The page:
Chatter: US builds case for military action in Syria




Antler Agency

    Get Chatter in your inbox!        



        *We take your privacy seriously, GlobalPost will not share your information with any other companies.


The case against Syria. As UN inspectors continue their probe into a suspected chemical weapons attack in Syria, the United States and its allies appear to be building a case for military strikes.

The alleged poison gas attack last week in the suburbs of Damascus left hundreds dead. US Secretary of State John Kerry on Monday called the use of chemical weapons in Syria "undeniable" and a "moral obscenity." 

In an apparent response to Kerry's comments, Syrian foreign minister Walid Muallem this morning rejected "utterly and completely" that Syrian government forces had used chemical weapons.

Meanwhile Germany has toughened its language on Syria, while a spokesman for British Prime Minister David Cameron, who has cut short a holiday to deal with the crisis, said the UK is making contingency plans for military intervention.

But amid the saber-rattling, there are growing warnings from Russia, Iran and China. Moscow has said that any such action in Syria would have "catastrophic" consequences for the region, while China's state news agency, Xinhua, has accused Western powers of rushing to conclusions.


Yosemite burns. Wildfires are continuing to rage in and around Yosemite National Park in California, and are now threatening San Francisco's famously pure drinking water supply.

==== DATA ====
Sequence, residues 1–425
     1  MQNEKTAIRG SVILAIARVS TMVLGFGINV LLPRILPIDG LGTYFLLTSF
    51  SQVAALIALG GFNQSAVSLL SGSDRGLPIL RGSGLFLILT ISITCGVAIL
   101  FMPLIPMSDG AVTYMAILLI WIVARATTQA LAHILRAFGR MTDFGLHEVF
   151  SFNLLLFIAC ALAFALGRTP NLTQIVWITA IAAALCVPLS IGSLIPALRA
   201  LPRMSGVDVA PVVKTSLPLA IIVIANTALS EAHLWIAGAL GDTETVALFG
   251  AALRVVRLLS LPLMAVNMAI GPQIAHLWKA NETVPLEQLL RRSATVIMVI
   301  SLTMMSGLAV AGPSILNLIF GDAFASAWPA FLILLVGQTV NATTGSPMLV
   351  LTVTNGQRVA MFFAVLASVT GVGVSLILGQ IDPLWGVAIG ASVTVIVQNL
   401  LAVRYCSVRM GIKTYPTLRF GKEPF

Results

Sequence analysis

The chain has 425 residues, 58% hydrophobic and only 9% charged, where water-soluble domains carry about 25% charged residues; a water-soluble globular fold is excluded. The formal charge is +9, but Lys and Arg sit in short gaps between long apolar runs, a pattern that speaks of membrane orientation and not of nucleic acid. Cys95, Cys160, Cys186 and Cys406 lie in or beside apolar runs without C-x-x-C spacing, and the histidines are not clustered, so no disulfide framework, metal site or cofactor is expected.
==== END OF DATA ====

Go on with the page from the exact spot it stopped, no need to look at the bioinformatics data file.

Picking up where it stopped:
The Rim Fire is raining ash onto a key reservoir that supplies water and hydroelectric power to San Francisco. City officials are moving water to lower reservoirs and monitoring for possible contamination.

The fire is also threatening thousands of homes and some of the park's iconic giant sequoias, with strong winds causing flames to reach the tops of these towering trees.

But firefighters say they are beginning to make progress in battling the mammoth blaze. "It's been a real tiger," a spokesman for the US Forest Service said. "He's been going around trying to bite its own tail, and it won't let go but we'll get there."


Call it the wheels of karma. When Kayla Smith's bicycle was stolen, she thought she would never get it back. But a day later, there it was — for sale on Craigslist.

So the 33-year-old Vancouver woman contacted the seller and arranged to meet him at a McDonald's parking lot, quickly spotting some distinctive stickers and special brakes on the bike that marked it as hers.

Smith asked to take the $1,000 bike for a test ride around the parking lot, and said the man had one request: "Yeah but don’t take off…"

"My heart was pounding and I had no idea what to do," Smith wrote in a post on Reddit, "so I just got on the bike and was like f**k this guy and started to ride."